32013
Model features
Released in March 2010 - 25cm x 18cm - Relatively simple rigging - High quality Cartograf decals for 5 aircraft • 110 high quality injection moulded plastic parts • Optional side cowls, fixed or adjustable tailplane, engine cowls and 2 propellers • Highly detailed LeRhone 9c 80hp engine • 6 photo-etched metal detail parts • Fine in scale rib tape detail • Full rigging diagrams 

Sopwith"s wonderful Pup was developed from a design that their test pilot, Harry Hawker, legendarily chalked out on the factory floor for his own personal runabout in the latter stages of 1915. Featuring wing warping technology this runabout formed the basis for the Sopwith Sparrow of which only 4 were made. In February 1916 Sopwith took it upon themselves to produce a single seat fighter prototype based on this design, slightly redesigned, strengthened and with ailerons replacing wing warping for lateral control. Given the serial number 3691, this prototype attracted the attention of the RNAS (Royal Naval Air Service) who were suitably impressed enough to order the type into production as the Admiralty 9901 Type. The RFC were likewise taken by the prototype with Maj. Gen. H.M. Trenchard famously stating "Let us get a squadron of these" which lead to them ordering it into production as the Sopwith Scout. Despite being officially known as the Admiralty 9901 Type or Sopwith Scout it was quickly given the eminently more appropriate, albeit strictly unofficial, nickname "Pup" after a remark by a Brig. Gen. W Sefton Brancker upon comparing it to the larger Sopwith 1 & 1/2 Strutter.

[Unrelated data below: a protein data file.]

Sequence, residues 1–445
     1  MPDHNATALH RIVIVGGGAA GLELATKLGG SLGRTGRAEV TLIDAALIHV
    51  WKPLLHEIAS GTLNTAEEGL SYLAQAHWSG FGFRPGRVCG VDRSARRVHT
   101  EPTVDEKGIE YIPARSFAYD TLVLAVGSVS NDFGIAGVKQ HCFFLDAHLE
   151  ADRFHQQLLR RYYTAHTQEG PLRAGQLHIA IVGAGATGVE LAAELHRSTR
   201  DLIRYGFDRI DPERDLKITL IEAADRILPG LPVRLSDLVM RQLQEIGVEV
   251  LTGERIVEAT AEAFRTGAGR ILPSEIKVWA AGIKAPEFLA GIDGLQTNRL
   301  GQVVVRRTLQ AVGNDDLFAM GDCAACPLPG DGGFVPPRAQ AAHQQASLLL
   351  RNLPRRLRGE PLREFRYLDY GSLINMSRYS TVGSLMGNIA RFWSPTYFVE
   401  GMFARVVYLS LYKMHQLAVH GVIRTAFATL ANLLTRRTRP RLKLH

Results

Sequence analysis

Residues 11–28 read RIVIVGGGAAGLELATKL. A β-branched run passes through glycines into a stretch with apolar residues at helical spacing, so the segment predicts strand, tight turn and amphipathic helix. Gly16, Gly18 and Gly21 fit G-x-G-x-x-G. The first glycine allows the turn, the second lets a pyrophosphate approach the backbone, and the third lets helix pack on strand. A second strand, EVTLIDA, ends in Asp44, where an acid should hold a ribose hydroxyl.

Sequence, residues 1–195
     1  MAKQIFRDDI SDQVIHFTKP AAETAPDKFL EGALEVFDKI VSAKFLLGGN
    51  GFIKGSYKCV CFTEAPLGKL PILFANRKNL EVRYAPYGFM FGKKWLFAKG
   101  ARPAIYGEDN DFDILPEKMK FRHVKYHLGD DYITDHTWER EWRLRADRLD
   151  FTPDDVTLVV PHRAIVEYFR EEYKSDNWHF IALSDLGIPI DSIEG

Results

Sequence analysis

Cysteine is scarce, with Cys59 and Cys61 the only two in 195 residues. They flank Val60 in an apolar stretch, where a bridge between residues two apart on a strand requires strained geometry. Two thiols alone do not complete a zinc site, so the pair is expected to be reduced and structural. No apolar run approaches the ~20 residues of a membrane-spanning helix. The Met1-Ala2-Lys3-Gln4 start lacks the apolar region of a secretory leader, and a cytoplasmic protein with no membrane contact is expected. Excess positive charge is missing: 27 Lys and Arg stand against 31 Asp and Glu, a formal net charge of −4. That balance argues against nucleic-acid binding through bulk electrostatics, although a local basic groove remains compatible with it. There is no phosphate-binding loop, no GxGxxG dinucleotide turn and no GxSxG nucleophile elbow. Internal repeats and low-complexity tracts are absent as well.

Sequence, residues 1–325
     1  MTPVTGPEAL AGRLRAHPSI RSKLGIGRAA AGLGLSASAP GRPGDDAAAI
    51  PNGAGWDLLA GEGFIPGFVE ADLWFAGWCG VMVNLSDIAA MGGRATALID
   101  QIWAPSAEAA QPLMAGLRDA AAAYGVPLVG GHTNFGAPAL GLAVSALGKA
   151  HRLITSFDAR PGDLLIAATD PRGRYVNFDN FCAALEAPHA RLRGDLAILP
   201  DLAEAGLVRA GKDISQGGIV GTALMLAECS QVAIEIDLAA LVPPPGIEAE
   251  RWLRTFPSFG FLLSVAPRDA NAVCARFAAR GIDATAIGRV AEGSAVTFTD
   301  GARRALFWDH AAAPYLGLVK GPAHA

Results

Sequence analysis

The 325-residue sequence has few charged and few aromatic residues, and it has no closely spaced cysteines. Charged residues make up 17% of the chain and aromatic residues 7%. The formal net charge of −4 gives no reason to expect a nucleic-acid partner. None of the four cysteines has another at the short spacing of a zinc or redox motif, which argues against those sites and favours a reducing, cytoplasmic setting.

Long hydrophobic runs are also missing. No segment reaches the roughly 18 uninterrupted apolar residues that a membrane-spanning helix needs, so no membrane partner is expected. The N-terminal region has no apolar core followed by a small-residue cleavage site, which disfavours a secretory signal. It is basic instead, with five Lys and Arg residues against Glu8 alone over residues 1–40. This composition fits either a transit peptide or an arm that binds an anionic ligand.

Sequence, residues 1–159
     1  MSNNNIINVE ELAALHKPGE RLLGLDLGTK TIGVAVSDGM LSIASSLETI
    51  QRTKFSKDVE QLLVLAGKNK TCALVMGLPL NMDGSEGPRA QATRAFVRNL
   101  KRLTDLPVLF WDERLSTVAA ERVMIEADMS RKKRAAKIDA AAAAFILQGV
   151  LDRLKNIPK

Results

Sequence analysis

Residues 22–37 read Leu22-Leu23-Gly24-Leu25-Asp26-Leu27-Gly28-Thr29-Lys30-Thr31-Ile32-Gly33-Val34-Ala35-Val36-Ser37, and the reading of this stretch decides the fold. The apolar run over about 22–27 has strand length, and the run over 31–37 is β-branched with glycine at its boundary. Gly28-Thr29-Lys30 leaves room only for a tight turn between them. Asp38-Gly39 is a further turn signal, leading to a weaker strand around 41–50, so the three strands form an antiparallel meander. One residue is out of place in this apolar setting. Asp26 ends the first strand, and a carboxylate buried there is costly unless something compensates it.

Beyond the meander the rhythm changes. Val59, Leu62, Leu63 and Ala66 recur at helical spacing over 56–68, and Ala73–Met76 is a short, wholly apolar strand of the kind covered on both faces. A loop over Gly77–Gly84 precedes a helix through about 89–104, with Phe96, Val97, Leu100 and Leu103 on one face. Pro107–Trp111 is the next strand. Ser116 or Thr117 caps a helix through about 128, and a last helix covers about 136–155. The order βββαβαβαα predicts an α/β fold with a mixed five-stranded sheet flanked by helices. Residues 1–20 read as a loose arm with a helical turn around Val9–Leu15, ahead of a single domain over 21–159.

The Sopwith Pup was universally liked by the young aviators of the RNAS and RFC charged with flying it. Of the more than 2100 built by The Sopwith Aviation Co Ltd, William Beardmore & Co Ltd, The Standard Motor Co Ltd and Whitehead Aircraft Ltd the vast majority were powered by a 80hp LeRhone 9C rotary engine as represented in this kitest. Many others were fitted with Clerget and Gnome engines of various capacities, although usually in machines destined for training units. Ever adaptable, the Pup was modified for shipboard use by the RNAS as the 9901a Type, taking off from both turret mounted platforms and early aircraft carriers. Despite having only one Vickers gun its light weight and great maneuverability ensured it was a good match for the twin gun armed Albatros D.II, Fokker D.II, Halberstadt DII and D.III fighters it faced in late 1916. At least 29 RFC and RNAS pilots achieved ace status in the Pup with victories claimed over the aforementioned fighters as well as later Albatros D.IIIs and D.Vs, observation balloons, various two seaters, seaplanes and 5 Gotha bombers before being withdrawn from frontline service in the latter stages of 1917.

 

Wingspan:Length:Max Weight:Max Speed:
26' & 6'' (8.07m)19' & 3.75'' (5.89m)1225lb (555.6kg) 80hp LeRhone 9C105mph (169kph) with 80hp LeRhone 9C
No Manufactured:Production:Engine:Ceiling:
Approximately 2100 (includes over 280 rebuilds)Feb 1916 to April 191780hp LeRhone 9C, 80hp Clerget 7Z, 80hp Gnome, 100hp Gnome Monosoupape.17500'
Armament:
.303 (7.7mm) Vickers gun, occasionally a .303 (7.7mm) Lewis on the upper wing and up to 100lb (45.5kg) of bombs.
References:
The Sopwith Pup, J.M Bruce, Gordon Page & Ray Sturtivant, Air Britain 2002. Windsock Datafile Special Sopwith Pup , J.M Bruce 1992. Windsock Datafile Sopwith Pup, J.M Bruce, 1986. Osprey Sopwith Pup Aces of World War 1, Norman Franks, 2005. 1914-18 Aviation Heritage Trust. Private Collections